An HR database stores all the important personal information you need for each of your employees. Files provide critical information from up to date personal contact information to employee reviews. An up-to-date employee database allows managers and HR professionals to make data-based decisions that improve employee retention and help push your company forward. 

When your database isn’t kept up to date, the gaps can create time-wasting issues. This interferes with day-to-day operations. Not only does this waste time, but also money. So, what should be included in an employee database and how do you keep it organized? 

Here we explain what good employee database software includes and how it helps keep your business organized.

What Should Employee Database Files Look Like?

The information included in employee database files varies from organization to organization. However, there are some common elements that should always be included:

  • Personal contact information such as an address, phone numbers, emergency contacts
  • Date of birth
  • Job title
  • Manager’s name
  • Department
  • Hire date to track length of service
  • Current salary and all pertinent salary-related dates such as raises
  • Recruitment details
  • Qualifications and special designations
  • Timesheets
  • Training courses attended
  • Employee review dates in the past and when the next one is due
  • Employee status such as full-time, part-time, contract, laid off, etc.

Effective onboarding, and tracking, while allowing you to customize access.

Who Can Access Employee Data Files?

The challenge with employee database files is that they tend to evolve over time. Each employee will have different levels of change. For example, in an industry with complex regulatory guidelines, employees will require ongoing training to keep up with their required designations. In other areas, such as contracting, government contracts require specifics regarding job roles that must be paid based on work classifications. Using HR software allows the most relevant person to log the data.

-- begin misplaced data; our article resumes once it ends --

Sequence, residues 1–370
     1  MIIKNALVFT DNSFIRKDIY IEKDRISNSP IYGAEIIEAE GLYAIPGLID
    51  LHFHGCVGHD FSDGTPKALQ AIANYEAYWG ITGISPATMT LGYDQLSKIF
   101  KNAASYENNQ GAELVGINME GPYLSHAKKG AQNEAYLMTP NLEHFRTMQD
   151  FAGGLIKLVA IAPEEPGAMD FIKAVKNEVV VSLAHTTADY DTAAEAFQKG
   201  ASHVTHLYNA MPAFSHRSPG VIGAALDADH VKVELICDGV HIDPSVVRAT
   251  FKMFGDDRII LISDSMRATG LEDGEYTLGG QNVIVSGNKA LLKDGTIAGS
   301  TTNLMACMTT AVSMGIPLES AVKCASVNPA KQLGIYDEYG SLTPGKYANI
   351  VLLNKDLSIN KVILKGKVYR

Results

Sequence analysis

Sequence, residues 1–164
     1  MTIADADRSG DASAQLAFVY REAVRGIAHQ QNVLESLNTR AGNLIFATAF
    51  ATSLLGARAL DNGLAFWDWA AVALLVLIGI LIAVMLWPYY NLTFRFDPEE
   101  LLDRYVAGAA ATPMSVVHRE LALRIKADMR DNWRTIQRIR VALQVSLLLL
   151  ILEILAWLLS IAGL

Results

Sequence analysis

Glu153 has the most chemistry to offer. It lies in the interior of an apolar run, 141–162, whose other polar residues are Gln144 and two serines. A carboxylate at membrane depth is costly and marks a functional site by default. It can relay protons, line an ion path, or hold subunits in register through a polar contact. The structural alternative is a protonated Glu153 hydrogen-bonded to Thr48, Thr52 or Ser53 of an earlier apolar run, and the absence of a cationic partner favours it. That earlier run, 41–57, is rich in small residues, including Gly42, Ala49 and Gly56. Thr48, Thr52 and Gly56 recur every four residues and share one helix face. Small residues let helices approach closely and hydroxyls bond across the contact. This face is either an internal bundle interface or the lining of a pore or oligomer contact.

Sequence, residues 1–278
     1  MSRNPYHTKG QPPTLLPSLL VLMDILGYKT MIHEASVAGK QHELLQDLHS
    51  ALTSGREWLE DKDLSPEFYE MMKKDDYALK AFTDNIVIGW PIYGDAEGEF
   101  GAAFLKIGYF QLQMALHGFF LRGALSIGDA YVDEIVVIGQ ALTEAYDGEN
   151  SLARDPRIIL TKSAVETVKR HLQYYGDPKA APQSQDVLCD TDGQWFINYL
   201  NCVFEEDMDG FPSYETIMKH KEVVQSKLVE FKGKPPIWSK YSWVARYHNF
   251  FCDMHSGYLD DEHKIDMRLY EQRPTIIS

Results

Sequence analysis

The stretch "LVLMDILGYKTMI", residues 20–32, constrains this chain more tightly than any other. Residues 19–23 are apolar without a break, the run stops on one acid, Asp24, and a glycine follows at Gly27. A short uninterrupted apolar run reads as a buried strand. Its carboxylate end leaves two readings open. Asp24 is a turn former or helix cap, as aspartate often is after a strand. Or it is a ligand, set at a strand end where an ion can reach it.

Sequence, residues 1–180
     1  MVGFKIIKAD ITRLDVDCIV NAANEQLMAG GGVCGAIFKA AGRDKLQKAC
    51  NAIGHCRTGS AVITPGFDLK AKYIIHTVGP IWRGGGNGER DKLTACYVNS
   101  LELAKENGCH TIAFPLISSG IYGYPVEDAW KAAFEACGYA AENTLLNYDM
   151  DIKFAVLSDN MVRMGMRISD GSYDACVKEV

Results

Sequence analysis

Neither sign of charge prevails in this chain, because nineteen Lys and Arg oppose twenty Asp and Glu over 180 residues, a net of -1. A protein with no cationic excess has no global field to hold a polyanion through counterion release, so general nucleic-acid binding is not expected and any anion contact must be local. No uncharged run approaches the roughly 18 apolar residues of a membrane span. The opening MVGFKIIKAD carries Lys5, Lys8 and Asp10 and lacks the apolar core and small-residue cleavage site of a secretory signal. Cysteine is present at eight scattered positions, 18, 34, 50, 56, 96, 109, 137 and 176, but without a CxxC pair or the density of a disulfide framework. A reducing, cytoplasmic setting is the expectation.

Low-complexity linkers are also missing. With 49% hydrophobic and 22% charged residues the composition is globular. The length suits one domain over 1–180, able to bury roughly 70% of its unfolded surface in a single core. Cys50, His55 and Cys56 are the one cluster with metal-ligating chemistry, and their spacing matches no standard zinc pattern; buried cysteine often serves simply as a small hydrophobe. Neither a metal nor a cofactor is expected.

For example, an employee is the most logical person to log their own hours or update their contact information. On the other hand, team leaders make the most sense to maintain information on reviews, pay raises or disciplinary action. Access is limited based on log on information, allowing HR managers to have a complete view of the file. However, employees and their managers have limited access for privacy reasons. This also keeps private and sensitive information secure.

How Should You Keep Employee Data Secure?

Security is paramount when it comes to employee data. From salaries and to addresses and identifying information, employee databases are often the target of cyber attacks, making it important to take the proper precautions to ensure everything is kept confidential. Here are some best practices:

1. Categorize Employee Data and Limit Access

There’s a range of employee data available to the HR team. Some are needed by the employee’s direct supervisor, while other data is only needed by certain departments like accounting. Information can range from:

  • Job description
  • Social security number
  • Address
  • Timesheets
  • Salary
  • Performance and employee feedback

To prevent data leaks, the more sensitive information such as social security and address should have limited access and be password protected. Delegate access and database management according to the department that needs it.

2. Invest in Formal Security Procedures and Software

A data breach costs $9.22 million for the average company in the US, based on 2022 data from IBM. From potential litigation to recovery of files, this isn’t an expense you want to suffer. The cost of ongoing security outweighs the expense of a potential breach.